The y value of that system matched that of the first system they solved, so the combo was x1 y1 y2 y3. Inside the lockbox was a ziploc bag with pieces of paper, and a makeup bag I owned with a double zipper that was locked by a combo lock. The pieces of paper are actually a puzzle, and the combo to that lock is written out in cursive words on the completed puzzle. Inside the makeup bag is a key to one of the main locks. The puzzle ended up being harder than I planned for it to be because it turns out that a lot of my students aren’t super comfortable reading cursive! So they didn’t know what the words said!
Team E was slightly different from the rest – I was out of containers that I could put a lock on, unless I wanted to bring my whole suitcase to school, which I really did not. So I decided that for the last two keys to the main box, I would hide them places in the classroom.
This team had these instructions before their final system: Discard the solution that has a matching x or y value with this one. The other two solutions correspond to map locations where keys are hidden – find them!
The x value of this system matched the x value of the other one, so the remaining two solutions had coordinates that they then plotted on our classroom map to give them a spot to search for the keys! I hid one of the keys in my classroom pencil cup, and the other in the holder for my SMART board pens.
This team’s setup would be a good way to add extra groups to your breakout activity – just hide extra keys!
If you needed to make the activity work for more students, I had the thought that some of the puzzles could be dead ends – lead to empty boxes, etc, or keys that don’t actually fit any of the locks. I really enjoyed the fact that every single group had to solve their systems in order to unlock the final box. Oh, and the final box had homemade chocolate chip cookies in it!
This took a LOT of planning to pull off, and I had to check and double check that I had written every system correctly to have the solutions that corresponded to the combinations. Some of these locks were reprogrammable, but some aren’t so I had to make it work with the combinations they already had. I was also glad that all of my students remembered how to unlock combination locks – our building doesn’t have lockers, so they don’t have to do it every day. If your building DOES have lockers, and there are spare lockers you could use and know the combos to, that could be a great place to put more clues!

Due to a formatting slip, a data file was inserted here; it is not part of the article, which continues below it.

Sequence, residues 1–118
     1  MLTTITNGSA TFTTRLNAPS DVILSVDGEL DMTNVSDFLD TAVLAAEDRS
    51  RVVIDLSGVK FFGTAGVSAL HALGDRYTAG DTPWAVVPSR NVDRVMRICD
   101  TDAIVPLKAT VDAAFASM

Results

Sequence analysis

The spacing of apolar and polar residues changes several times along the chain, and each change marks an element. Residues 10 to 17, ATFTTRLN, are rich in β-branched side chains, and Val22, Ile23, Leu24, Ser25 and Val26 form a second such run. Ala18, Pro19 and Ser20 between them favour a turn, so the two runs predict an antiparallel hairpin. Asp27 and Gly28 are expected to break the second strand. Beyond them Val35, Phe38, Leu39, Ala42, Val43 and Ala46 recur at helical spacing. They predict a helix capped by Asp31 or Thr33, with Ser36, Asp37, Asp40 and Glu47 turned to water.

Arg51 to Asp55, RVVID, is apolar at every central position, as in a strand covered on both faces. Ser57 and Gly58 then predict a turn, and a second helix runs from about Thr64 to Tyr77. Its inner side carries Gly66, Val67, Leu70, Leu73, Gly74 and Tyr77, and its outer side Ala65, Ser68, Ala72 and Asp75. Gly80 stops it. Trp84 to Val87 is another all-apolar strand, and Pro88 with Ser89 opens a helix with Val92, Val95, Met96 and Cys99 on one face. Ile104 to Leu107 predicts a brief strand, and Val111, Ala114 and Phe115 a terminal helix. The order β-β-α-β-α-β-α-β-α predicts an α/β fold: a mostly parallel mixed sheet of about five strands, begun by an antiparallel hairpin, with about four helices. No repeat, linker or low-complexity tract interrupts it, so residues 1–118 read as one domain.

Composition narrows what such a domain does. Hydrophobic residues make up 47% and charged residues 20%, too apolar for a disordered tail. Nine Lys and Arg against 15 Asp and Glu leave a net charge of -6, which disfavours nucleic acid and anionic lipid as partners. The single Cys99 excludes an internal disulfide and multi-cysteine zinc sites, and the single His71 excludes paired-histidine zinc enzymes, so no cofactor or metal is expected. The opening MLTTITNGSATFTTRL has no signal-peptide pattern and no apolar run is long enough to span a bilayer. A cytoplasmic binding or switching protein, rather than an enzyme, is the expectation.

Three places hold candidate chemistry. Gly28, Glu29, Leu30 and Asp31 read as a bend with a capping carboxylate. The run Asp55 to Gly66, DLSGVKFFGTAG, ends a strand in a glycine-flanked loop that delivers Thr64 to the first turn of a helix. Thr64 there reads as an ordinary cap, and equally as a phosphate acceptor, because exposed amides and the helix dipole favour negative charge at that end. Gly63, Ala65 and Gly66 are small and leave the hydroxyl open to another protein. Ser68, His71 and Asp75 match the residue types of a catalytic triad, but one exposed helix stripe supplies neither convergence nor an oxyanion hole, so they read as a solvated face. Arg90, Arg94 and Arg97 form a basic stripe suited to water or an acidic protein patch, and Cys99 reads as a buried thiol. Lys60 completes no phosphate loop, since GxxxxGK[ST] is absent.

It was really rewarding to watch my kids get so invested in opening that final box. I really loved this activity and I’m glad I put all the work in to make it happen! I really want to try to figure out a piece of content in Algebra 2 that will let that class do an escape room this year, because they were super sad when they came to class and saw all the lockboxes around the room and then got told that they weren’t for them 😦
Here are videos of my 4th and 5th periods getting the box open! Their excitement was so conagious!
— Liz Mastalio (@MissMastalio) January 9, 2018
5th period escaped! I’m having so much fun today! pic.twitter.com/QJwgBb6uAw
— Liz Mastalio (@MissMastalio) January 9, 2018
I would share the activities I used for this room, but unfortunately they would be zero help to you since we don’t have the same locks! If you have questions about the way I set up the systems I can share some problems and solutions with you if you leave a comment or tweet me with your email address!